The Six Internal and External Marketing Elements Crucial to Your Planning

CRISSE – The six internal and external marketing elements crucial to your planning

To confuse marketing and advertising is to confuse an overall strategy with a single tactic. When business owners start to think about ‘marketing’ their business instead of simply advertising it then they are seeing the bigger picture.

Marketing is a complex science but by focusing on six simple but crucial marketing elements any business can grow. Through the international research of leading edge marketing techniques, I have developed a unique and simple Total Marketing System that can be adopted by any business.

I have called it CRISSE – an acronym of the six internal and external elements that will influence your business success. In your strategic planning, ensure you have tactics to market your business to each of these elements and you will start to see the marketing of your business very differently.

Customers – what do they really want and need? Ask them. Undertake a Customer Value Survey. Ask questions related to what is IMPORTANT to your customer, or potential customer, about your industry sector NOT about your specific company. For example, if you sell chocolate ask questions like “What is important to you about chocolate quality?” NOT “What do you think of the quality of our chocolate?”

To do this effectively, a third party should be used to ask the questions so that answers are honest and can be treated confidentially. You won’t gain the value if your customers won’t tell you want they REALLY think.

Referrals – market to people who can refer business to you. A referral will usually come from a satisfied customer in the form of word-of-mouth or a testimonial. Ask customers to provide you with a short written testimonial (you can write it for them and have them sign it) or actively ask them for the names and contacts details of people they’d like to refer to you. Creating a testimonial video is also a great option as you can e-mail this to prospective customers and post on YouTube, Vimeo and other social media.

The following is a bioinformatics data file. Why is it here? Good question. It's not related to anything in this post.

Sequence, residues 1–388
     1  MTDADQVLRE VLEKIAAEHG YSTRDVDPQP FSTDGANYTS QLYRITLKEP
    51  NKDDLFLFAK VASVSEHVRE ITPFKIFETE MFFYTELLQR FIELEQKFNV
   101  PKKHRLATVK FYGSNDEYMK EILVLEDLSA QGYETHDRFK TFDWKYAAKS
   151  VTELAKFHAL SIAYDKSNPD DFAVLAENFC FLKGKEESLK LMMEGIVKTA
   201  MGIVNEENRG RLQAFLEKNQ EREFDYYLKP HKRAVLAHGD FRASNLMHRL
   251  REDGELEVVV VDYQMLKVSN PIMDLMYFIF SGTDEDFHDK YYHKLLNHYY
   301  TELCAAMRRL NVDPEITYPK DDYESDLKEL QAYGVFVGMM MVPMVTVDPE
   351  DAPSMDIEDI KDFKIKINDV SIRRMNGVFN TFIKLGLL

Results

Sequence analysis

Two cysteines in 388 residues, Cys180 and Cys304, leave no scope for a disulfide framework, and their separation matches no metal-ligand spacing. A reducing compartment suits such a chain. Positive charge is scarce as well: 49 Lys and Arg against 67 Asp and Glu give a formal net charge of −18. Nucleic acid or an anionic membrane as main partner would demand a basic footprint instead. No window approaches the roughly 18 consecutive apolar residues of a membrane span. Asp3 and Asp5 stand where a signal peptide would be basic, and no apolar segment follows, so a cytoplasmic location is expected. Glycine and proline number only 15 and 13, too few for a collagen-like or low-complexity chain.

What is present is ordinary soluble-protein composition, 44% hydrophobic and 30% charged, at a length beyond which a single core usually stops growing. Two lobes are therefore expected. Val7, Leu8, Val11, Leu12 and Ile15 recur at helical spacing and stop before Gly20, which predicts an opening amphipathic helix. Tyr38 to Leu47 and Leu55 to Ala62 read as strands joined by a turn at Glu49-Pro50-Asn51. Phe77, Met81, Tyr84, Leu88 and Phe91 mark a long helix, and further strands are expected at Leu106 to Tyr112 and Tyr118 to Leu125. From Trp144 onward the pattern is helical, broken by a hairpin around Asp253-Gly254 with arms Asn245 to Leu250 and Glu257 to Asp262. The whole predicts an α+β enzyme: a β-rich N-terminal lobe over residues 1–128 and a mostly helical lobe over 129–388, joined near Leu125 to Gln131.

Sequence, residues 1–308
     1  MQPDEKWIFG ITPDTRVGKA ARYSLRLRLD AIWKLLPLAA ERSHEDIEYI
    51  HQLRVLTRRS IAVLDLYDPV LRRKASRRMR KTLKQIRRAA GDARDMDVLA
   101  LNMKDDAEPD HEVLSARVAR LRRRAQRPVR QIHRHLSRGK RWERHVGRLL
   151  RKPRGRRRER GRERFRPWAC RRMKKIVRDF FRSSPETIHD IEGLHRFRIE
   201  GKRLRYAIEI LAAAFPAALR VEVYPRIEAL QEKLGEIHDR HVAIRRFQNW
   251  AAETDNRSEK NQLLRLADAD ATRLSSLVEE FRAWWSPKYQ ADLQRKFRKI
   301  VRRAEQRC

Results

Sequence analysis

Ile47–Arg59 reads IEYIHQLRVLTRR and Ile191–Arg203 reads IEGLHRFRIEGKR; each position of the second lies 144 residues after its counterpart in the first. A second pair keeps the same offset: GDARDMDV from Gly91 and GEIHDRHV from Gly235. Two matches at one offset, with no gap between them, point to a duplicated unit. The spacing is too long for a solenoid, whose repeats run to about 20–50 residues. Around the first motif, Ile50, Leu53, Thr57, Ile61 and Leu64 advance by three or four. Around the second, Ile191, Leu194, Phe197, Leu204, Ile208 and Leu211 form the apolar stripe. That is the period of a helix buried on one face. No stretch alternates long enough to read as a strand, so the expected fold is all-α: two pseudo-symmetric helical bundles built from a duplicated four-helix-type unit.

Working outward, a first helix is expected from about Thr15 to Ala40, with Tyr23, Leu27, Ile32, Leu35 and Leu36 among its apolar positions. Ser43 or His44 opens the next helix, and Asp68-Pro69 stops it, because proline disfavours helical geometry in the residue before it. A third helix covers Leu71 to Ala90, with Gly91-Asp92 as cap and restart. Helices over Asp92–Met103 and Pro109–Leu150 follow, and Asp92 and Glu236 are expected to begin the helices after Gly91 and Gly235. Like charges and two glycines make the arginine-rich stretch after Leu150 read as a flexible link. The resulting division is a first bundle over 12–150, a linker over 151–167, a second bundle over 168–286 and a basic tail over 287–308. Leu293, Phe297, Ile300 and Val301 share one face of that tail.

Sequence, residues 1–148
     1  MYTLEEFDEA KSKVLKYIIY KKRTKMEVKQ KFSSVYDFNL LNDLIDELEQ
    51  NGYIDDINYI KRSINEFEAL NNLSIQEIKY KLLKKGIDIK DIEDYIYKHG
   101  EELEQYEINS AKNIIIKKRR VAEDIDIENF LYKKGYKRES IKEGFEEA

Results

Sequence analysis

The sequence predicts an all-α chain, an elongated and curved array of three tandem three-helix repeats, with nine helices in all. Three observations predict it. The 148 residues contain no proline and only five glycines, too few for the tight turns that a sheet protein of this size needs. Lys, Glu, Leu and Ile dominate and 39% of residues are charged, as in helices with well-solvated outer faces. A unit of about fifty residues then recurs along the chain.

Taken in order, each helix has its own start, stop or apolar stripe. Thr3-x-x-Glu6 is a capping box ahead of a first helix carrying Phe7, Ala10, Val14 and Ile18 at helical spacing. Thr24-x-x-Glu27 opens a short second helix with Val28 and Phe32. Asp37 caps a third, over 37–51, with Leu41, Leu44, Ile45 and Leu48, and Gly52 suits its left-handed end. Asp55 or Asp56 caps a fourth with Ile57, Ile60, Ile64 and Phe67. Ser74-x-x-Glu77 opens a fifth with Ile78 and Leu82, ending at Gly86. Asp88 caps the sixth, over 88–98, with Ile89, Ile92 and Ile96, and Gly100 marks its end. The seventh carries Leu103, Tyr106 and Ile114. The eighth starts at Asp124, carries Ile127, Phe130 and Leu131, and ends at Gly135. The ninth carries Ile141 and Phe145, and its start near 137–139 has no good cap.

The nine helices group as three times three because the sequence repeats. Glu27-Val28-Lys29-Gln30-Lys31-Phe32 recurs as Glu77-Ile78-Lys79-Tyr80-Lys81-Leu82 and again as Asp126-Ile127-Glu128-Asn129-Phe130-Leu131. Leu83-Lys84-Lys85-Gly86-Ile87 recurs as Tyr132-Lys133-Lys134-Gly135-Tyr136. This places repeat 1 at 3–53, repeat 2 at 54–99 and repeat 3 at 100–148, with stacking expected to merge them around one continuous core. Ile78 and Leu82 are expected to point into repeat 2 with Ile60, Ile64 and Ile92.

Influencers – a very under-utilised marketing element. An influencer must be someone or a company that is widely respected and prepared to influence positively attitudes about your products and services. An influencer could be the Chairman of a Board, a local elected member of Government, a respected Rotarian, local business philanthropist or trusted local identity.

Suppliers – few companies actively market to their suppliers, yet they are people and businesses who generally know you well. Be prepared to include them in your marketing plans.

Society – we don’t live or operate in a vacuum. Increasingly, businesses are viewed by their level of community support and philanthropic endeavours – great marketing opportunities that can be lost if they are not part of an overall plan.

Employees – if you expect your staff, and future employees, to assist in your external marketing then they must be marketed to internally. Ask their views, involve them in plans and keep them informed.

Marketing is the umbrella. If you diversify your marketing efforts to include a targeted ‘marketing mix’ and include all the elements of CRISSE – you will have taken the first giant steps to having a better business.